In a letter to the Federal Motor Carrier Safety Administration, the Owner-Operator Independent Drivers Association, an association that represents professional truck drivers, asked the agency to provide details on future plans now that the Mexico cross-border pilot trucking program has expired. The three-year pilot program officially ended October 1, 2014.
OOIDA officials asked FMCSA Acting Administrator Scott Darling to provide clarification regarding several concerns about the program’s failure to meet significant goals set by the FMCSA. “The data generated by the program clearly shows that the program should not be renewed or made permanent,” said Todd Spencer, OOIDA executive vice-president. “What we would like to know is the agency’s plan going forward and we request that they be transparent about communications with Mexico and analysis of their data, or lack thereof.”
In the letter, OOIDA spells out a list of concerns about the validity of data collected during the program. FMCSA had initially said that 46 carriers would need to participate in the program and that at least 4,100 inspections would need to be conducted on those carriers in order for program data to be statistically valid. While more than 5,175 inspections occurred as of July 13, 2014, there have been only 13 program participants, out of more than 132,000 Mexico-domiciled carriers.
Also, two carriers alone have accounted for more than 81% of all inspections and 90% of all crossings, while only 5% of destinations traveled occurred outside the commercial border zone. The letter states that it is OOIDA’s view that because most of the inspection data collected comes from just a few carriers, the data is biased and does not accurately reflect the safety performance of trucks in the pilot, much less the broader Mexican truck fleet.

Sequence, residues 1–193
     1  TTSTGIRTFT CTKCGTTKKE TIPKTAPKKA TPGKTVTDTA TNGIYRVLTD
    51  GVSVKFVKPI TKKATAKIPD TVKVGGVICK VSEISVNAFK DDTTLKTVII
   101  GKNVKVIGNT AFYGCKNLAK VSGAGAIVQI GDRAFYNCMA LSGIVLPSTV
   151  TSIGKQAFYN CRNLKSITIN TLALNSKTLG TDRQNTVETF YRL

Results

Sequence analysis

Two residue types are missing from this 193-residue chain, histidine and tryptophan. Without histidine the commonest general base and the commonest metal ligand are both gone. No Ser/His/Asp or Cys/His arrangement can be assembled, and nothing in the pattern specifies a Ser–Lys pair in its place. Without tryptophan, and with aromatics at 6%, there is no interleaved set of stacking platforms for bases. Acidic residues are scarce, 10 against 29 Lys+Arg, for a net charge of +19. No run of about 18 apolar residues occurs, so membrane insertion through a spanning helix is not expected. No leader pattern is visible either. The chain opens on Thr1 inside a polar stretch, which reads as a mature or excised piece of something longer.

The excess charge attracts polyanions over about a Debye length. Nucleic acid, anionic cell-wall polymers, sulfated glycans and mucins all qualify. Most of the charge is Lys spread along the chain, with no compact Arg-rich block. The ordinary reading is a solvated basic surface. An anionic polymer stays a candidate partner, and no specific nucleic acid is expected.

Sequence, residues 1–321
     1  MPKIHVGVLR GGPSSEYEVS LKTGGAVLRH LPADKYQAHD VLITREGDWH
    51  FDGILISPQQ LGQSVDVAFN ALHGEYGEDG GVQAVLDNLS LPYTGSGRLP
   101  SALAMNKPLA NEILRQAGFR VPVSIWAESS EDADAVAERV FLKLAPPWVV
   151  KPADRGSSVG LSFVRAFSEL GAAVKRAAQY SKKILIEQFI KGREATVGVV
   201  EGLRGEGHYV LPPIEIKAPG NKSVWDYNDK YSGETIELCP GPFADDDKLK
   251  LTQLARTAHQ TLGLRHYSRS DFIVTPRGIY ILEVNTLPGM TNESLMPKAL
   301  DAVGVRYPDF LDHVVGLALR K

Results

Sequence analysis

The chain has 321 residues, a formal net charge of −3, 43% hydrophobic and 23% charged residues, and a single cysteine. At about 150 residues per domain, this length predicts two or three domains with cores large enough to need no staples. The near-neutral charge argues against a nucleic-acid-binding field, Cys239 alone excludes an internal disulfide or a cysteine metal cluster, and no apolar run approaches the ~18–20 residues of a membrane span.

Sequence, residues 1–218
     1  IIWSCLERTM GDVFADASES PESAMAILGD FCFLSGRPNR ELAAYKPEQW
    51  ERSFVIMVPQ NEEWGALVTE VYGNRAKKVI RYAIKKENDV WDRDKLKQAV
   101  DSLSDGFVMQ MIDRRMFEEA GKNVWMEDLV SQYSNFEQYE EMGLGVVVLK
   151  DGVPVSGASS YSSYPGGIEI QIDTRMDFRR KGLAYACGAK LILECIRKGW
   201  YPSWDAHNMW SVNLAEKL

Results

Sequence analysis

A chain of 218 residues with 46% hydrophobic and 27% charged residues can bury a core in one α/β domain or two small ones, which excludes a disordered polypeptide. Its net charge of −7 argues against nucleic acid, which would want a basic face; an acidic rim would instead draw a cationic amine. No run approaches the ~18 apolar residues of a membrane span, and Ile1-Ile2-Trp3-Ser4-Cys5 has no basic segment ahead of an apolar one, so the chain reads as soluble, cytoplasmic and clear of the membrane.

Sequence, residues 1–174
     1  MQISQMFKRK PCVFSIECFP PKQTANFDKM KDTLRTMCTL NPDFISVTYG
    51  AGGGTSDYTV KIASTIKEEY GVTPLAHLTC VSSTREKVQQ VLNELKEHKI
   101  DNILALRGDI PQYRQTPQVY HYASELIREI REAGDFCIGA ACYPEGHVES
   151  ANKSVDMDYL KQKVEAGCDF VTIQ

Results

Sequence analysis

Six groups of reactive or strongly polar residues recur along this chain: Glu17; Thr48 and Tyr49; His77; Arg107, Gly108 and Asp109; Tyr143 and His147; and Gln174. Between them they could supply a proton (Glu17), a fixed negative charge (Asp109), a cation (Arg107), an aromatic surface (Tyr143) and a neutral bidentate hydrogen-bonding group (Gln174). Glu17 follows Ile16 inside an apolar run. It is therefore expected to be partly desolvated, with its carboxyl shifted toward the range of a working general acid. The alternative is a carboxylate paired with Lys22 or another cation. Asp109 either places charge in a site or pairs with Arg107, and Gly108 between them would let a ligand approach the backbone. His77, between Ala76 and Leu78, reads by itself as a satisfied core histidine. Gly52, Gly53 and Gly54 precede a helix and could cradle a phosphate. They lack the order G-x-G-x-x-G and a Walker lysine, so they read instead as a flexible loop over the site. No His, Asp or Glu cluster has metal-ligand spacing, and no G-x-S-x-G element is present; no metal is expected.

“More alarming is to note that Mexican motor carriers are not being placed out of service for violations that would warrant such action nor are they being placed out of service at the same rate as US-domiciled trucks and/or drivers for similar violations,” said Spencer. “Such a wide gap in enforcement action raises safety concerns in general, but especially about the program.”
The letter also asks several questions to the acting administrator, among them:
1. What actions does the agency plan to take regarding the carriers and drivers operating in the current pilot program following October 1, 2014? What authority would FMCSA have to extend the program? Does FMCSA plan to accept applications from new carriers for cross border operating authority after October 1, 2014?
2. Will FMCSA be establishing a permanent U.S./Mexico Cross Border Trucking Program? If so, under what statutory authority? What timeline does the agency have for moving forward with a permanent program?
3. FMCSA has never released any analysis of the apparent lack of databases in Mexico collecting the same breadth of information about individual driver behavior, including behavior in personal vehicles, which is relied upon to determine a US driver's continued qualification to hold a CDL. Has it ever performed such an analysis? If so, would the agency make this publicly available?